Global policy makers are crafting their international tax plan to make sure Amazon is included, even though the U.S. company’s profit margin is below the 10% proposed threshold that would give other countries rights to collect revenue.
Group of Seven finance ministers on Saturday voiced support for proposed rules reallocating a portion of profits above a 10% margin to be taxed in other countries, but Amazon has estimated a global operating margin of 7.1% this year. Two people familiar with the negotiations said Amazon will be included, with the particulars of how to design the policy to capture the company still being discussed.
An Amazon spokesperson said the company “fully expects to be in the scope of any final agreement at the OECD,” referring to the eventual deal expected from the Organization for Economic Cooperation and Development referenced in the G-7 statement.
Amazon shares dropped as much as 1.1% to $3,172.20 on Monday, briefly hitting a session low on the news, before closing the day little changed.
Negotiators are working on the mechanism, the people said. That could include setting a threshold for individual operations that targets Amazon’s more-profitable cloud computing or advertising businesses, rather than the whole company, whose margins are weighed down by heavy investment and thin retail profits.
European leaders have insisted on a way of including all the largest online companies in the tax plan. Group of 20 finance ministers are trying to reach a preliminary deal in July, followed by a more detailed agreement expected later this year.
Even with those international agreements, there would still be considerable uncertainty for how quickly these changes would come for Amazon and other multinational companies. Parts of the deal would have to be ratified and implemented with domestic tax policy in around 140 countries negotiating in talks led by the OECD.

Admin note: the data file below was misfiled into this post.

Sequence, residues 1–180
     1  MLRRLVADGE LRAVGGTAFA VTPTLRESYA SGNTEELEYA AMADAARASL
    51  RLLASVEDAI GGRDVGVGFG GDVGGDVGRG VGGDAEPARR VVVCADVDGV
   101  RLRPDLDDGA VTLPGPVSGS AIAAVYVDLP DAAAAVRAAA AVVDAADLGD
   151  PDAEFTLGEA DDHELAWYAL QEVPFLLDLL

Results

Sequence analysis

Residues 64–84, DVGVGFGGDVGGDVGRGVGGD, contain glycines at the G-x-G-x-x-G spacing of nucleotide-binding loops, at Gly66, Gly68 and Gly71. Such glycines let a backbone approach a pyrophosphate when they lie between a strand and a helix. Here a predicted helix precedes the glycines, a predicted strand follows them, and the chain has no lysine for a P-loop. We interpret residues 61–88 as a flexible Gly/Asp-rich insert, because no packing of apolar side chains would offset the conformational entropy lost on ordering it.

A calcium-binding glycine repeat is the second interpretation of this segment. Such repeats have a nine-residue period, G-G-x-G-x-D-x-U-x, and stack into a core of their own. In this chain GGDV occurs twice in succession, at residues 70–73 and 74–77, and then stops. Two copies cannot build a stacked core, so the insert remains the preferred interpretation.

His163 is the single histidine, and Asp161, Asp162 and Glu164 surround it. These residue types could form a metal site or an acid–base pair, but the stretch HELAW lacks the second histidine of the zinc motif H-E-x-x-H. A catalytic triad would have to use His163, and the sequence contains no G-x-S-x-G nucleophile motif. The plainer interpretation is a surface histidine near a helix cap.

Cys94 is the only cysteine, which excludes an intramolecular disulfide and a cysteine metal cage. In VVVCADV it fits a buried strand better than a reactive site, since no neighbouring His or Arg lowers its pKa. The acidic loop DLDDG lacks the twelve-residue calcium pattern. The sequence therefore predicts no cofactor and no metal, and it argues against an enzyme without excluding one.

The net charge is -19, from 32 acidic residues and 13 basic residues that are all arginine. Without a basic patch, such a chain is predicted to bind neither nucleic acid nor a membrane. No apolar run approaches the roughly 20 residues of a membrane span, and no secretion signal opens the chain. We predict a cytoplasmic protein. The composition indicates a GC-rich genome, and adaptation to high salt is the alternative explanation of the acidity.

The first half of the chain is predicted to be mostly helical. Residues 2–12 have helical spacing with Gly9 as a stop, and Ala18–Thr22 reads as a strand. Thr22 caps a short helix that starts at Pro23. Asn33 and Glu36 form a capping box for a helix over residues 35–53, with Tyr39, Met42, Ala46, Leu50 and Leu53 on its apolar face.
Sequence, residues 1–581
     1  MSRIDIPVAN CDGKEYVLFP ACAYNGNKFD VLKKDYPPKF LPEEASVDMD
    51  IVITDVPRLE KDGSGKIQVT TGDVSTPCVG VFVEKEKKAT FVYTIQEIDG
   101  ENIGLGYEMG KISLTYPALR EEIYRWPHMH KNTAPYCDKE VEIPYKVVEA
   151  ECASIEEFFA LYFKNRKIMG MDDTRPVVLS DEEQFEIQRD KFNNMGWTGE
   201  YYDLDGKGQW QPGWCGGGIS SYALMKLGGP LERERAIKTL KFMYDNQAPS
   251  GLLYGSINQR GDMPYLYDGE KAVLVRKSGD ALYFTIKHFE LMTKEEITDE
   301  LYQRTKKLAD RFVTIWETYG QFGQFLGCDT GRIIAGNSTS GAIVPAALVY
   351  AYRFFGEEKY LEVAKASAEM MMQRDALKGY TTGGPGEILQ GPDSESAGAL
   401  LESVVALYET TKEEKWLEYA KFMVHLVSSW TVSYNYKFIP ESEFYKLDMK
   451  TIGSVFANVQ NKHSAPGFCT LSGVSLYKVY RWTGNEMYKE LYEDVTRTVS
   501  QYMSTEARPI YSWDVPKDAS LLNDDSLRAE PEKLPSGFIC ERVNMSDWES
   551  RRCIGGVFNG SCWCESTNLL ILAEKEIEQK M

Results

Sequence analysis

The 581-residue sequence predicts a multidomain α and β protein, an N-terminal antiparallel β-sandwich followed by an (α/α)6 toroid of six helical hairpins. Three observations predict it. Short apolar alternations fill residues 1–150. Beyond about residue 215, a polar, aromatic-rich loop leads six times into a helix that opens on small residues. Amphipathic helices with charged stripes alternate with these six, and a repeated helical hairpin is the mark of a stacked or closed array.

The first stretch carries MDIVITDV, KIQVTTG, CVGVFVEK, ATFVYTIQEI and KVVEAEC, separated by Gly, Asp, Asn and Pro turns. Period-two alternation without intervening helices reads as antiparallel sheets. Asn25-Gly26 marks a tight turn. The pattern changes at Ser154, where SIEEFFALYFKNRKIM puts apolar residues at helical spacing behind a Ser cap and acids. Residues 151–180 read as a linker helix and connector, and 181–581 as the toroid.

Asked at a news conference Saturday if companies such as Amazon and Facebook would be captured by the deal to share taxing rights between governments, U.S. Treasury Secretary Janet Yellen said they would be, though she didn’t say how Amazon would qualify given its lower profit margins.
A Treasury Department spokeswoman Monday declined to elaborate on how Amazon would be part of the scope.
Tech companies have largely supported efforts to update and harmonize international tax policy to bring more certainty to their global business operations, according to Matt Schruers, head of the Computer & Communications Industry Association. But Schruers cautioned against crafting complicated policies to target a specific company or industry.
“What’s most important is to write rules of general applicability that will function well for the broad economy,” Schruers said. “Whether it’s one company or one industry or one sector, trying to write tax rules around a small number of companies is not going to provide the results that we need.”
Reallocating how countries tax multinationals is one part of the accord being negotiated through the OECD. The other part involves setting a worldwide minimum corporate tax rate of at least 15%, a move aimed at reducing the attractiveness of tax havens.
That element of the two-part global deal could actually provide the far bigger boost to government revenues, but it is also subject to disagreement as some small countries say they need low rates to lure investment from multinational firms.
OECD Secretary-General Mathias Cormann said earlier Monday on Bloomberg TV that the “at least 15%” minimum corporate tax the G-7 settled on would be a “very significant step forward” that would still leave room for fiscal competition between countries. Yet some, including France, are also pushing for a higher floor, and have said the G-7 deal is just a starting point.